THE European Parliament’s debate on the situation in Hungary was certainly robust, and maybe even a little feisty at times, but to characterise it as “spewing hate” as part of an EU “vendetta” against Hungary is nonsense (Gerald Warner: “We should fight Hungary’s corner”, 21 April). The EU has an obligation to act when it fears that fundamental democratic rights are being threatened. These rules were approved unanimously by all member states and ratified by all national parliaments.
Scrutiny by European parliamentarians of a national government in respect of that country’s (freely entered into) European obligations is surely evidence of democratic accountability at work in the EU, not of its absence, as Mr Warner claims. In fact, the Hungarian prime minister, Viktor Orbán, understands this better than most: he was one of the first prime ministers ever to visit Strasbourg to debate with MEPs in his own right (rather than attending as a representative of the rotating Council presidency).
In any event, I would invite any of your readers interested in this matter to visit the European Parliament website, where they can watch for themselves a recording of the 17 April debate and draw their own conclusions.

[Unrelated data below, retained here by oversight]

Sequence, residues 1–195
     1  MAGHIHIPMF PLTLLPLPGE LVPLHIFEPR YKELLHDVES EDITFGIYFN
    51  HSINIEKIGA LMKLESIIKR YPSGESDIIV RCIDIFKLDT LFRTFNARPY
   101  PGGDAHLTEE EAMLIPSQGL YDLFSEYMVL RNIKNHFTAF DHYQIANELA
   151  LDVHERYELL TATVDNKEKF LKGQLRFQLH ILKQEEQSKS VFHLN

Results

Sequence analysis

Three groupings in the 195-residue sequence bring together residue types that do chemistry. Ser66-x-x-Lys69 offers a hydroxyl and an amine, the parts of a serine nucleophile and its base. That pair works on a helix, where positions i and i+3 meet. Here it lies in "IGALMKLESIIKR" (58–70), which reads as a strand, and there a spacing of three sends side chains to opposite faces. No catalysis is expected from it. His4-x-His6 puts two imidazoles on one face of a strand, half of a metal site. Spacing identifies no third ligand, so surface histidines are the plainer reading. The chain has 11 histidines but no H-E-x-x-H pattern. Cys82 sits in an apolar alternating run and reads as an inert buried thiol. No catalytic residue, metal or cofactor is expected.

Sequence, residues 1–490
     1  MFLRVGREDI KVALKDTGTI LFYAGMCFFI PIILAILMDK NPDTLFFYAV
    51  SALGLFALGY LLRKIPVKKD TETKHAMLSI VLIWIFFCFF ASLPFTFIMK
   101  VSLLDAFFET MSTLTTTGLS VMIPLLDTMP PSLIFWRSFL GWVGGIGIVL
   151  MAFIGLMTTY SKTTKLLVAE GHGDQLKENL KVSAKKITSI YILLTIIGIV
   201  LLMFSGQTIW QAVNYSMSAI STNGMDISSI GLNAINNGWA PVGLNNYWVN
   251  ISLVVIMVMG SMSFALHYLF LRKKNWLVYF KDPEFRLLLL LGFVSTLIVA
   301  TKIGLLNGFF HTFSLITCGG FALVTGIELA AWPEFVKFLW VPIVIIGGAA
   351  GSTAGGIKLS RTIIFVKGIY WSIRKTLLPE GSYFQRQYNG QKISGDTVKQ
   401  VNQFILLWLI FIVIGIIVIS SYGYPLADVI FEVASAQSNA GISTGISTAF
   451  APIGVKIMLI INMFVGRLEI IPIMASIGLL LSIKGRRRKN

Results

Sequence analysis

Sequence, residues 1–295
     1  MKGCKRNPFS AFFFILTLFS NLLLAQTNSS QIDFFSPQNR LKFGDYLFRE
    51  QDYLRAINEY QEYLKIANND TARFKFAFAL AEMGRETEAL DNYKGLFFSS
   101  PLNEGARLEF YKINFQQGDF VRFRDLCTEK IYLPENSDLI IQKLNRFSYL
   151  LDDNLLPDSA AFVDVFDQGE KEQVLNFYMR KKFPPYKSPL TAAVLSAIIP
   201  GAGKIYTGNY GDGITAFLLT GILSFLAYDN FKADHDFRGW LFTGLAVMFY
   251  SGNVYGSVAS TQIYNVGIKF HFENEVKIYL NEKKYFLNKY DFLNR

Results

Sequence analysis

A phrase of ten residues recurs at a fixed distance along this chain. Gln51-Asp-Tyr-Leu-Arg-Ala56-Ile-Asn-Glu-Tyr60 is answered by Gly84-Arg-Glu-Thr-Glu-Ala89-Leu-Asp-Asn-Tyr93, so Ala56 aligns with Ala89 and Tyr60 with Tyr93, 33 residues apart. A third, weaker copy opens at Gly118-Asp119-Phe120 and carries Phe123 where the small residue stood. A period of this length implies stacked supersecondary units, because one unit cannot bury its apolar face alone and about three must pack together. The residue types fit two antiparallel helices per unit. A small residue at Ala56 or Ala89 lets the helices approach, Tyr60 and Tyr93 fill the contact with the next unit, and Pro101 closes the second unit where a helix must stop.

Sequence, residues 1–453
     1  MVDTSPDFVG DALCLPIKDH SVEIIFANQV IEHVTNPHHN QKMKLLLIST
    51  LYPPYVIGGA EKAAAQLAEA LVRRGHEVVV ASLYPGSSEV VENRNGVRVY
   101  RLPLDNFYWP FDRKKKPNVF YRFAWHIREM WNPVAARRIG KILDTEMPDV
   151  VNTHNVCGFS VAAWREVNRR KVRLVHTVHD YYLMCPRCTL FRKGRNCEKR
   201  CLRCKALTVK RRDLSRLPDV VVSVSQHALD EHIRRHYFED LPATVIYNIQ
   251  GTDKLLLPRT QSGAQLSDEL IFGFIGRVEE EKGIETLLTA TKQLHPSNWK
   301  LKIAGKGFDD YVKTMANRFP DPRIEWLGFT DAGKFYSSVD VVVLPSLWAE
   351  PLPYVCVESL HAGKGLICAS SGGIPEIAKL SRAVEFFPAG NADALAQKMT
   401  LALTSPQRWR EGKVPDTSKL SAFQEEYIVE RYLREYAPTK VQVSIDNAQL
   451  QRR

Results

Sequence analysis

Further, I am happy to inform Mr Warner that his wait for a debate on “the state of democracy in Brussels” need not be in vain. On the same website he will be able to follow MEP debates on a number of related topics, such as how to improve democratic oversight of the EU’s developing regime of economic governance, to which he refers. Such discussions take place on a regular basis. If the mood takes him, he could also participate in an interactive debate via Facebook or Twitter, such as the one on European citizenship that took place last Tuesday, with contributions from the president of the European Parliament, European commissioners and the European ombudsman.
James Temple-Smithson, Head of the European Parliament Office in Edinburgh